"More Hype Than Necessary"2.5 starson by daddyboxers
Pros: Intuitive, Simple to Use, Familiar Layout, Highly Responsive, 3G/WiFi/Bluetooth Capable
Cons: Expensive Accessories, Low Resolution, No External Memory Support, No Flash Support, No Real Multitasking, iPhone OS
Summary: Apple's Marketing team are true geniuses. They have taken a device and created a Mass Media Hype over technology they have claimed to be "magical". In an industry like this, being magical shouldn't be your selling point. Anyhow, on with the review.I fail to see how this is innovative software when it borrows almost directly from the iPhone. As far as this being a game changer, I am a bit skeptical. If there were any evidence to support this claim, I may yield to the statement, however, just stating it only leaves it as an opinion.
First and foremost, the Apple iPad has many great features that will woo the general population with its easy-to-use, finger friendly design. Those who are familiar with the iPhone will find the iPad very familiar due to the Operating System that is shared on both form factors. For every reason that has created the huge success for the iPhone will be the same reasons why the iPad will have success. The device is not built to do everything for everyone. It's limited in its scope to do very precise things, and the things it does, it does well.
Right off the bat, the iPad will share the vast array of applications from the App Store. On launch, the iPad will also have ~1000 iPad-dedicated Apps ready to go as well. With the ample real-estate that is the screen, the iPad will allow users to watch video, review photos, read books and all of the enjoyment that is the multimedia world. This is where it ends though.
Web browsing experience is going to be somewhat limited until HTML5 becomes the more accepted standard in web-designing. Currently, over three-quarters of the web utilizes Flash in most of its sites to engage the user which the iPad will never support. Although the video may look great, it won't be HD quality. Even 720p quality requires a minimum resolution of 1280x720 which the iPad's resolution will cap out at 1024x768. The device will not be able to multitask between multiple programs and third-party apps, so the device will be limited to running very few apps (if more than one) simultaneously. One other downfall is the inability to use external memory devices (SD-cards for example) to either transfer files or use as extra storage if you do not feel like shelling out an extra $200 for an additional 48GB (32GB SD card can run as little as $70USD).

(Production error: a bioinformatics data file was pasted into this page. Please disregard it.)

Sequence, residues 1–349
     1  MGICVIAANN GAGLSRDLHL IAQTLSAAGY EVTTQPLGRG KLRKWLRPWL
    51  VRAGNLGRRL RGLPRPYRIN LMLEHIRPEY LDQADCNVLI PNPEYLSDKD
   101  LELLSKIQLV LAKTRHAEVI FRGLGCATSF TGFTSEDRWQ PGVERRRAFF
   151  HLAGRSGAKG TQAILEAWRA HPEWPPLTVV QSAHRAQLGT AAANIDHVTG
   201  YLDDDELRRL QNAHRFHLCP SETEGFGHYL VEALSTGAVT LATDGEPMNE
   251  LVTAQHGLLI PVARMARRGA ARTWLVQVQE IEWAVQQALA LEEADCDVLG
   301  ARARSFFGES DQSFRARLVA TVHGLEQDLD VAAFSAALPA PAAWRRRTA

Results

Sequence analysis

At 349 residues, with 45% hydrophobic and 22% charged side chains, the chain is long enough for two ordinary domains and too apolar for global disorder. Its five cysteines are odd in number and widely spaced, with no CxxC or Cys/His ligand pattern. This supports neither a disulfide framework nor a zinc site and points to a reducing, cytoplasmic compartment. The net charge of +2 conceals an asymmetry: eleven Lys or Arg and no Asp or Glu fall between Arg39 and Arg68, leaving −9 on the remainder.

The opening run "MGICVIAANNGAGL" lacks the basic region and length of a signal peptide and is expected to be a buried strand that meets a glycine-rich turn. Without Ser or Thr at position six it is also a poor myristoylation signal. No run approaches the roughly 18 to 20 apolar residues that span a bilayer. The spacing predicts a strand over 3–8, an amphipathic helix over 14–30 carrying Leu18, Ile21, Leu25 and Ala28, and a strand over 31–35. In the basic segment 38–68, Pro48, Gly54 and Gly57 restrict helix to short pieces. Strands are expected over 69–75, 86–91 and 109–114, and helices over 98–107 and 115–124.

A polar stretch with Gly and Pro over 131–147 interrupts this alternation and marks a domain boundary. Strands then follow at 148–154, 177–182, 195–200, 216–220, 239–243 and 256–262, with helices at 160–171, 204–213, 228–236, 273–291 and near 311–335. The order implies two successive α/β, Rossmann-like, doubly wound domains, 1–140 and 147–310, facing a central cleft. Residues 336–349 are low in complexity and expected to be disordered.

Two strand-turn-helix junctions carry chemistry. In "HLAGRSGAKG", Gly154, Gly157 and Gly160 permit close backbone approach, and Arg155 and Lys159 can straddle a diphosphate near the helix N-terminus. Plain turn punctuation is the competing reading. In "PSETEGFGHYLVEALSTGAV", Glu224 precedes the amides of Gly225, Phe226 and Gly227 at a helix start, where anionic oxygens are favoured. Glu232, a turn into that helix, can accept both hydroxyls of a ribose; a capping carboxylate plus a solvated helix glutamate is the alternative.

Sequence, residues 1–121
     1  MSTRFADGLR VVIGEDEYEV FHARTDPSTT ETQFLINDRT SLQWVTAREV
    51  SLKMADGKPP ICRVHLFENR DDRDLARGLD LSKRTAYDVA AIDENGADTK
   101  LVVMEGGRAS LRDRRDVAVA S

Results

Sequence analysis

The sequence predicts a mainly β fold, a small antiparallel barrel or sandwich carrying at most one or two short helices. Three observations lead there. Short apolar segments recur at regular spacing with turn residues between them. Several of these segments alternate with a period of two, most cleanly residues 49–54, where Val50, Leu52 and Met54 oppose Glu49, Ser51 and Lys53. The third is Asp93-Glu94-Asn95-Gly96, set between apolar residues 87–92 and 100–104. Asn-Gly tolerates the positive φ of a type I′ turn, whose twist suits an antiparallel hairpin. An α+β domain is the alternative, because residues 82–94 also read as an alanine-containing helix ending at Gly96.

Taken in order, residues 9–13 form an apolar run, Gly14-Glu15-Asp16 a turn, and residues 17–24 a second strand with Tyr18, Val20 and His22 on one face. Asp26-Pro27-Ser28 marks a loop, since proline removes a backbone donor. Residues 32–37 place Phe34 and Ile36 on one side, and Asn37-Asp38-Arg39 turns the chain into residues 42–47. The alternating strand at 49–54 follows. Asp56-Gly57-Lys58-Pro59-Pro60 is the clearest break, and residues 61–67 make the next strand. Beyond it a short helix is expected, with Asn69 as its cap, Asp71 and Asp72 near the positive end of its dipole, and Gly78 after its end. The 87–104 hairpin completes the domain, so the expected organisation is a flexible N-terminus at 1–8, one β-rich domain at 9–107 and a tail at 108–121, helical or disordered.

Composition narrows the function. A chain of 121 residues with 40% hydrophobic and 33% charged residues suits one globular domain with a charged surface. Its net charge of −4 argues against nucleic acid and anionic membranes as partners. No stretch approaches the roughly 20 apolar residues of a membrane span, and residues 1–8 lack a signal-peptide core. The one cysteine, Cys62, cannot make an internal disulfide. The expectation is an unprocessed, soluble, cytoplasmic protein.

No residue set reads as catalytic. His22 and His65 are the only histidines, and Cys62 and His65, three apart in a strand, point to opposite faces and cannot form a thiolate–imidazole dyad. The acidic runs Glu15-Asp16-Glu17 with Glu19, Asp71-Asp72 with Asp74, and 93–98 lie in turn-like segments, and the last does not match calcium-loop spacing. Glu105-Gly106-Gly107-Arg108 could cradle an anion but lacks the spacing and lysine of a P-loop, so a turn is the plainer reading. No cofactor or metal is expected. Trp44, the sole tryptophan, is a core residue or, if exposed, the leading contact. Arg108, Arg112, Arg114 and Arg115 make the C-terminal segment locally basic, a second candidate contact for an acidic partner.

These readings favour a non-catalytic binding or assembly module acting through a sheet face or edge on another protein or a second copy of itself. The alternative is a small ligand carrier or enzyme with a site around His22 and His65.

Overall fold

One last thing is the accessories. In order to use an external keyboard, one must purchase the keyboard dock which will run about $70USD where as tablets like the HP Slate will be able to use USB-keyboards.
Again, for what it can do, it's great. For what it could be, it's lacking quite a bit in several departments. I still see this product being a huge success simply based on the fanbase that supports Apple and its products and Apple's superb Marketing Team.
Updated on Apr 3, 2010
There have been many tablets before the iPad. I will admit, prior to the iPad, the general population was unaware of this genre of computer devices. In that aspect, the iPad has definitely shed some light in this once-thought dead avenue. Otherwise, I do not see how the iPad is bringing anything new to the table that has not already been done either by its own company (iPhone) or any other tablet-manufacturing company.